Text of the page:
Liz Meyer is the Science Specialist at Waldron Mercy Academy. Liz has been teaching for 14 years at Waldron Mercy Academy. For the last 10 years she has served as coach for the NSTA Toshiba/ExploraVision competition. She enjoys having some great one-on-one time with student teams and encourages participation in all grade levels. She says “I am constantly amazed by the innovation exhibited by our students. It gives me such hope for the future!”
Kathryn Baham Fairmont Private School, Anaheim, CA
"ExploraVision does take a little extra time and work but can be used to your advantage. You can incorporate the National Science Education Standards into your class. You can motivate your students. You can teach your students to organize. And they can learn to communicate. I've watched as my students have learned how to problem-solve and work as a team. When my teams start the project, they are overwhelmed. But they take off when they gain confidence and realize that they can do this."
Jonathan Gastel Stuyvesant High School, New York, NY
"I first got involved in ExploraVision last year, but the school has been involved since the inception of the contest. The kids who participate in the contest in my school are assigned the project and are required to do the work after school. You have to have some system to review your class projects towards the end."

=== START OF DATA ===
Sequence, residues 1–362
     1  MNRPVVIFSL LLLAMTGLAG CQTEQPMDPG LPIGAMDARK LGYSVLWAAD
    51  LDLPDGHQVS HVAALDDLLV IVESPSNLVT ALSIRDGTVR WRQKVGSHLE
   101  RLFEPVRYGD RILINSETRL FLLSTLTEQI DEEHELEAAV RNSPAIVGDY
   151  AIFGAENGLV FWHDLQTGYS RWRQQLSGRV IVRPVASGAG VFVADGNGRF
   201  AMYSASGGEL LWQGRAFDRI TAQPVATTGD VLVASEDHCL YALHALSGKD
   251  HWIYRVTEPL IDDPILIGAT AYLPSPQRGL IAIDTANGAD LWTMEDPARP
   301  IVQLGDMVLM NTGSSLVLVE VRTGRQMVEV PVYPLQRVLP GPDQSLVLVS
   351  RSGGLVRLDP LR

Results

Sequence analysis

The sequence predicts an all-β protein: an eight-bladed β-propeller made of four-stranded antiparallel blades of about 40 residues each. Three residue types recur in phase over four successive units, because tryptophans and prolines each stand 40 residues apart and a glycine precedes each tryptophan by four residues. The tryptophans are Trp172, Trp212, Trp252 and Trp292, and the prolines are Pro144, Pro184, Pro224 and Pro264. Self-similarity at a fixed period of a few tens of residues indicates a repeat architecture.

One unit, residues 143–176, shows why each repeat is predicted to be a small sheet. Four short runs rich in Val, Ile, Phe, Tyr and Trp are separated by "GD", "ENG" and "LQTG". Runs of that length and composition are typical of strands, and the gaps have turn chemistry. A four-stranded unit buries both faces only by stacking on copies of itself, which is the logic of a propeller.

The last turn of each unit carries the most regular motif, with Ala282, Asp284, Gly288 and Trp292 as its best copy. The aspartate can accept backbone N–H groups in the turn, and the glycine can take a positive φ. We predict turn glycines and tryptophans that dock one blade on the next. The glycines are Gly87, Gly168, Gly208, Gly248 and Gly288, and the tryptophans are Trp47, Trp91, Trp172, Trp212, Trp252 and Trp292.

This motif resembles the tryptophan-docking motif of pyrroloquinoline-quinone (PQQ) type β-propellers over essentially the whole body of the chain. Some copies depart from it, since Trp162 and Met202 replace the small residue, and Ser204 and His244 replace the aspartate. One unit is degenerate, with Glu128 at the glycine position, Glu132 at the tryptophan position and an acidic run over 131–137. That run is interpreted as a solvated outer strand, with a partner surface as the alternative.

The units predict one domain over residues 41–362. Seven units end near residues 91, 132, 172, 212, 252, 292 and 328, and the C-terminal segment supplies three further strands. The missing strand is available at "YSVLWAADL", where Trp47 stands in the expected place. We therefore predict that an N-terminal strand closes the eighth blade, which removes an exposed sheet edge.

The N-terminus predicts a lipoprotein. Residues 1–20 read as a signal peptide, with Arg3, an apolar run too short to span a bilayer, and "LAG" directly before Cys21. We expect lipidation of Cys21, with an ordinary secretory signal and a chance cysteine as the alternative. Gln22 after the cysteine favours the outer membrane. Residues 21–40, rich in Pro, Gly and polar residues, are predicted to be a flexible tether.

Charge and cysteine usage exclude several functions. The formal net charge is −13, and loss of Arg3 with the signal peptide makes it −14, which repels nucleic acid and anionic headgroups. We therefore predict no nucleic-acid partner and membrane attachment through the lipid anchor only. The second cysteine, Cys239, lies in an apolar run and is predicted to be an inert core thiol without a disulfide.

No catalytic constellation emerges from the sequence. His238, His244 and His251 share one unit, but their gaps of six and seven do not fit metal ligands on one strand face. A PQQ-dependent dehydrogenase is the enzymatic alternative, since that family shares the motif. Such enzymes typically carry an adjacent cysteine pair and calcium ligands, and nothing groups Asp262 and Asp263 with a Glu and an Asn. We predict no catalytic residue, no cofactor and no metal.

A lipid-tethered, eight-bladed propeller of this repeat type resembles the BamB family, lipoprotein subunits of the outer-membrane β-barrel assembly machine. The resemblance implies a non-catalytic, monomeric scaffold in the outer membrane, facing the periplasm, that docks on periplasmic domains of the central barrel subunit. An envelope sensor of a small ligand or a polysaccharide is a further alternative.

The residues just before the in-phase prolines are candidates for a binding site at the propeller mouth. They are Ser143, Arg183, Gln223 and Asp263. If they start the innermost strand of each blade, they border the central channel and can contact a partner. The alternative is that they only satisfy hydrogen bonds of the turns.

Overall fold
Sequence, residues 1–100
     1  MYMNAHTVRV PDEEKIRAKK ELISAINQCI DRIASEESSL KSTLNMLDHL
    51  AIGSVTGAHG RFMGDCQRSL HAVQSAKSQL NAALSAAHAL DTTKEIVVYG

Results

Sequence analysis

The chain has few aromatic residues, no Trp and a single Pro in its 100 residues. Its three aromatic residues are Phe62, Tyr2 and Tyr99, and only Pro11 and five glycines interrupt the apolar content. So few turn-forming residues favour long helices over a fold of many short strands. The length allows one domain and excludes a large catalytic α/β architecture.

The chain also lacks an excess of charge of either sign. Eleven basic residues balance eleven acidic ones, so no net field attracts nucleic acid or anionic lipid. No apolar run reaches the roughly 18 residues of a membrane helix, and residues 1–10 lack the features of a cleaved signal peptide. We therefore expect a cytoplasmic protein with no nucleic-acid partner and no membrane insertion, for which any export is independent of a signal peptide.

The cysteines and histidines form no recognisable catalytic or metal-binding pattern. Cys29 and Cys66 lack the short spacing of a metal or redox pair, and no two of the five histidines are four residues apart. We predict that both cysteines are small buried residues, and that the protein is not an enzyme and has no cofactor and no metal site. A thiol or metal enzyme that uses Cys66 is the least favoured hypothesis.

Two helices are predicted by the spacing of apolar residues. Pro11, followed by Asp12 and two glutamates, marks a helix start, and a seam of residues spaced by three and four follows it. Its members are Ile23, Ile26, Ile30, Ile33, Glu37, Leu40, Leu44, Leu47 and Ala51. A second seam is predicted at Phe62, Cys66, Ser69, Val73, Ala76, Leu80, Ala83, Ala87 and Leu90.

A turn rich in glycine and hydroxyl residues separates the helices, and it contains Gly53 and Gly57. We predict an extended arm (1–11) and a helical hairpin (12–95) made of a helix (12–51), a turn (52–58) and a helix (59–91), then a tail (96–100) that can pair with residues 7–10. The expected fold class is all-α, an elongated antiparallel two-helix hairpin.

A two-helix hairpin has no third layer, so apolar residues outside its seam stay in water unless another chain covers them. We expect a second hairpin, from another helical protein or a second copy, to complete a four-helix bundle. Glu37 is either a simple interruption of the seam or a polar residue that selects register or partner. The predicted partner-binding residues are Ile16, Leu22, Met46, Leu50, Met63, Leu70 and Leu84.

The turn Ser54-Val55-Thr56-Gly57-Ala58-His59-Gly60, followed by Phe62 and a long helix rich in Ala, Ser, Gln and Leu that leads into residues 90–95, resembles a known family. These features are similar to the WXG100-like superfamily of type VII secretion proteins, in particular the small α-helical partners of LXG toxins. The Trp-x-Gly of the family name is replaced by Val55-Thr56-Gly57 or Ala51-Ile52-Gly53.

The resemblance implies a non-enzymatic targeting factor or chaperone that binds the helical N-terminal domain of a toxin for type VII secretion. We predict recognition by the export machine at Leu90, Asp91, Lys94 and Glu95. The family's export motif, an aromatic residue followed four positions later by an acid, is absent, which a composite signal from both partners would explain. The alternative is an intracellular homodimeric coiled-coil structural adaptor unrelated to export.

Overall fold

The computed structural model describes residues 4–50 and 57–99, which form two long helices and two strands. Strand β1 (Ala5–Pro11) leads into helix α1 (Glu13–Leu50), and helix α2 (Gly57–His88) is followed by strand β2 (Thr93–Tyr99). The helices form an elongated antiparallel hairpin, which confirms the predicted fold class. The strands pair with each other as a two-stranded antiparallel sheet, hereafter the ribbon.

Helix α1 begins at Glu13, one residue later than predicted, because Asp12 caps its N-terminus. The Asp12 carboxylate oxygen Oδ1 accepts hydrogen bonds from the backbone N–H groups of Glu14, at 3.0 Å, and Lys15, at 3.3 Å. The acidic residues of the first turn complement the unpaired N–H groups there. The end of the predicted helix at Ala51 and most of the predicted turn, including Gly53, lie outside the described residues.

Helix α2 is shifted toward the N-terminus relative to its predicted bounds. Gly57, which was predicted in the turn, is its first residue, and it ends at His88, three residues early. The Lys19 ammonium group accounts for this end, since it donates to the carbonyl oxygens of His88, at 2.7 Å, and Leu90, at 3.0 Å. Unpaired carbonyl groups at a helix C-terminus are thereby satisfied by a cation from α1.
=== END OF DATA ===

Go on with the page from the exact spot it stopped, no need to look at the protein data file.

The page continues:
Stacey Lamb Willow Grove Elementary, San Diego, CA
"I've been a second grade teacher for eight years. I discovered ExploraVision and have been doing it ever since. There are different ways to approach the program, so whatever works for your classroom, it is possible. It's a little more difficult at the youngest grade levels to assign roles, but at the upper grade levels, it is very easy to assign different roles in the project. As a classroom teacher, you are going to be sponsoring your students, getting them moving, facilitating the operation of the project and just making sure they are on task, talking and working together."
Louise McMinn Scofield Magnet Middle School, Stamford, CT